Q3(b)(i)

 

Total energy content

 

Total energy output
at 65%

 

Total energy required
to facilitate process

 

Energy payback ratio

 

Q3(b)(ii)

 

Total energy output
at 30%

 

Energy payback ratio

 

Q4

 

In developed
countries, such as the USA, Canada, EU countries and Japan a large portion of
the available hydro power has already been exploited. Hydropower plants found
in these countries were built 30-40 years. These can be refurbished and
extended to increase their generation capacity. This is the most cost-effective
way of increasing hydro power generation in these countries. Also, there are
proportionately fewer unexploited potential sites for large dam based power
plants. The developed countries have good integrated grid systems. They
experience large disparities in power demand at different times of the day.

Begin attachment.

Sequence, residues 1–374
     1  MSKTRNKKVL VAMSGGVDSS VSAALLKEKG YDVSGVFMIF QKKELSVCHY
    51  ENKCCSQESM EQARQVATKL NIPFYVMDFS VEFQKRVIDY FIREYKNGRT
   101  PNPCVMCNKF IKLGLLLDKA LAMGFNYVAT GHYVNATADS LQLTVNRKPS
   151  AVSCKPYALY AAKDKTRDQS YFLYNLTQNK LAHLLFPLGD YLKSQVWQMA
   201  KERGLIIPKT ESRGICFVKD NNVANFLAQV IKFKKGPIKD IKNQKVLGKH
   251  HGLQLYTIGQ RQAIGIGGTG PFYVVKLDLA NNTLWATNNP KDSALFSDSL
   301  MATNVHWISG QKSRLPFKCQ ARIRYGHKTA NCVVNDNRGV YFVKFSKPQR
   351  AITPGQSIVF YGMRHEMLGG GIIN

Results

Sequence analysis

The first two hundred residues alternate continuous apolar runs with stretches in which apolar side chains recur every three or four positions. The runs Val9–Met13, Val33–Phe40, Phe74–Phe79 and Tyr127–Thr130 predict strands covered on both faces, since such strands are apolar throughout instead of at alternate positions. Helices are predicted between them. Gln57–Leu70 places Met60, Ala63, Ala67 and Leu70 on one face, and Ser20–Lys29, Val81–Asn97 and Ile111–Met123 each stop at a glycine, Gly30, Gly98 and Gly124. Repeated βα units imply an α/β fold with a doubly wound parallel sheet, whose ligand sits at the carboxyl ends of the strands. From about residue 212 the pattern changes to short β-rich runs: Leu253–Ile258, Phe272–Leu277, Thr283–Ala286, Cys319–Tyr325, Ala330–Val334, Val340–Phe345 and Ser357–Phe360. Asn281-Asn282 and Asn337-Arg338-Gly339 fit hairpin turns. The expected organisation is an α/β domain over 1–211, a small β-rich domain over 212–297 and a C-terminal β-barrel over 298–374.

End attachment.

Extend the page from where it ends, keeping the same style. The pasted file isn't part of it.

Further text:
Pumped storage system which can be brought on line easily and quickly at high
peak demand may play an important part in augmenting the power grid.

 

The majority of the
45000 large dams mainly in developing countries do not incorporate hydro
generation. This is a major potential for future hydro electricity generation.
These countries also do not have a fully developed electricity infrastructure.
Building hydroelectric generation plants at these sites is particularly
attractive.  They do not require the huge financial costs of creating
dams, with their attendant environmental, human and economic costs.  Also,
the process is fast compared to that using a newly created dam.

 

Certain countries,
such as China, have desperate requirement for more electricity generation, this
has resulted in more coal-fired power plants to be constructed as they take
short time to build. Building plant on existing dams may take longer than coal
fired plants but would still be competitive in terms of time taken
against systems built on new dams.

 

Q5(a)(i)

 

Barrage systems are normally located in estuaries and
they benefit from the vertical rise and fall of tides. When sea level rises due
to the gravitational interaction between the Earth and the Moon water is
captured in an enclosure called barrage. After sea level has dropped (ebb or
low tide) there will be a water level difference across the barrage and the sea